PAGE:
The bill is now before the Joint Committee on Marijuana Regulation, which will hold a public meeting on Senate Bill 1015 today (May 9), at the Oregon Capitol Building. If you want to get involved in the future of Oregon’s hemp industry, arrive at Room HR B before 5:00pm. Also, take note that the Committee will be considering this classic “gut-and-stuff” amendment, so you can safely ignore the text of the bill as originally introduced.

Cannabis scienceLast week we dropped some science about the current state of cannabis research with a focus on a recent study reviewing all research to date on the positive and negative health effects of cannabis. The “overwhelming takeaway” was that additional research was needed.

We wanted to highlight another study from early April that was published in the Journal of Psychopharmacology. The study doubles down on the potential political ramifications of cutting-edge cannabis research. The team, inspired by earlier studies suggesting that medical cannabis leads to a reduction in opioid overdose deaths, decided to determine whether cannabis’ “substitution effect” applies to other medications. Among New England dispensary members, the results of medical cannabis are stark:

  • 76.7% of respondents reported that they reduced their opioid use since starting medical cannabis.
  • 71.8% reported reductions in anti-anxiety medications.
  • 66.7% reported reductions in migraine medications.
  • 65.2% reported reductions in sleep medications.
  • 42% reported reductions in alcohol consumption.
  • 37.6% reported reductions in antidepressants.

These results reconfirm that medical cannabis reduces opioid use, and now we also know that medical cannabis reduces use of alcohol, antidepressants, and a field of other medications. The team is quick to caution that these results were based on self-reporting and then repeated a far too common refrain, “Additional research is needed.”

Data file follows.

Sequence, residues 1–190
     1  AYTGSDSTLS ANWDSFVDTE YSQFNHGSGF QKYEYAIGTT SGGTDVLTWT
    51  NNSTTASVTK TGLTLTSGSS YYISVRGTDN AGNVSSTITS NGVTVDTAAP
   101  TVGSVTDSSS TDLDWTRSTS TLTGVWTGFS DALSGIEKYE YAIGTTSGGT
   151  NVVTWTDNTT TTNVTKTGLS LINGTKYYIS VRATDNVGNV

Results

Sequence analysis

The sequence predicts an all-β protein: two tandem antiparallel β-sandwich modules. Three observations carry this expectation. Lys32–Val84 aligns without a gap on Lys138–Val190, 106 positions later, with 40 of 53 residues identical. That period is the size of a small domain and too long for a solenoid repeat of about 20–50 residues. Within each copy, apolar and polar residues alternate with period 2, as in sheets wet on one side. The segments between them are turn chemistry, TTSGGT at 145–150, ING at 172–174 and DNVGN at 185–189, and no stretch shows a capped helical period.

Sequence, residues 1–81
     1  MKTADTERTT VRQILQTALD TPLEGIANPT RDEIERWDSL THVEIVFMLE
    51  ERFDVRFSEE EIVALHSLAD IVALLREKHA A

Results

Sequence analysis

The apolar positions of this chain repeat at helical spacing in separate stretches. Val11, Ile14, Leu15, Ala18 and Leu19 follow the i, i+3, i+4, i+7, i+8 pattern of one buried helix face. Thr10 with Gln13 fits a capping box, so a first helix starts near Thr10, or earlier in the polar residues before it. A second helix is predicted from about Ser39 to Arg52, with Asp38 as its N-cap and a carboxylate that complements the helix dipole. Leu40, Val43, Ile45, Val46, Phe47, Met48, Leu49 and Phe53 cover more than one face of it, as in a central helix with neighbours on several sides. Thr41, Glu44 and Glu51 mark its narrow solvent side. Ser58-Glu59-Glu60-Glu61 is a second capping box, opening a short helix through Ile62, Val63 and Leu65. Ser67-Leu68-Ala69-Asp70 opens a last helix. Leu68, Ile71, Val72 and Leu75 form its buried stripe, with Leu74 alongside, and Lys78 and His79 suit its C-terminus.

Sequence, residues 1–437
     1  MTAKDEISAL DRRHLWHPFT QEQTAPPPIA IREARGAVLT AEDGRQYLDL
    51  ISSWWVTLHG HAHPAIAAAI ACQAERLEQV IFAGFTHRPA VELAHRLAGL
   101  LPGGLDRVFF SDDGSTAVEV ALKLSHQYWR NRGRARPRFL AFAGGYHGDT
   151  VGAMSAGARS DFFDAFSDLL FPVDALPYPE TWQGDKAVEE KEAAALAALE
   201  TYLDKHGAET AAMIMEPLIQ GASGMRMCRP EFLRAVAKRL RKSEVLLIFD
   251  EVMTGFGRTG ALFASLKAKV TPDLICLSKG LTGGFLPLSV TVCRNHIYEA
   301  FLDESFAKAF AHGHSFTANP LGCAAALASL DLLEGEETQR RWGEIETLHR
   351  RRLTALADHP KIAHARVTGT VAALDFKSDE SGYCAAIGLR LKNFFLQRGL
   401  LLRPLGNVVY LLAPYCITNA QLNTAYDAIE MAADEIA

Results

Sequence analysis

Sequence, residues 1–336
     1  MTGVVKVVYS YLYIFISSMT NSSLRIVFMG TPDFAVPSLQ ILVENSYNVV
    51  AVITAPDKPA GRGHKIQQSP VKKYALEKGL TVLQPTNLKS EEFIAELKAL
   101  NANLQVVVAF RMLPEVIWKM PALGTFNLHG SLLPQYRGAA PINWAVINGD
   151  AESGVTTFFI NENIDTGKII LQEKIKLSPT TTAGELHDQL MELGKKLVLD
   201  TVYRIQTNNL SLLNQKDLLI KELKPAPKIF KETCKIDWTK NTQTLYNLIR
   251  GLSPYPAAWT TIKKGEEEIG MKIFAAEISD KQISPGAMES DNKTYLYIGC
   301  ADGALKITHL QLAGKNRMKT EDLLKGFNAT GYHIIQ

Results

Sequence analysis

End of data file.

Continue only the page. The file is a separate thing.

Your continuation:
Perhaps we could expect to see that research soon, if only the current political climate were not so vehemently anti-science. President Trump recently said: “Drug overdoses are now the leading cause of accidental death in our country. And opioid overdose deaths have nearly quadrupled since 1999 . . . Our Attorney General, Jeff Sessions, is working very hard on this problem. It takes a lot of his time, because this causes so much of the problem that you have to solve – that problem.”

Roughly translated, the President and his staff have recognized that opioid abuse has reached epidemic proportions that require immediate action. The science clearly gives us one piece of the solution: decriminalize cannabis. But with an administration willing to make the insultingly anti-scientific claim that cannabis is “only slight less awful” than heroin, we the people (and Trump’s supporters in particular) will likely be left waiting for a rational administration.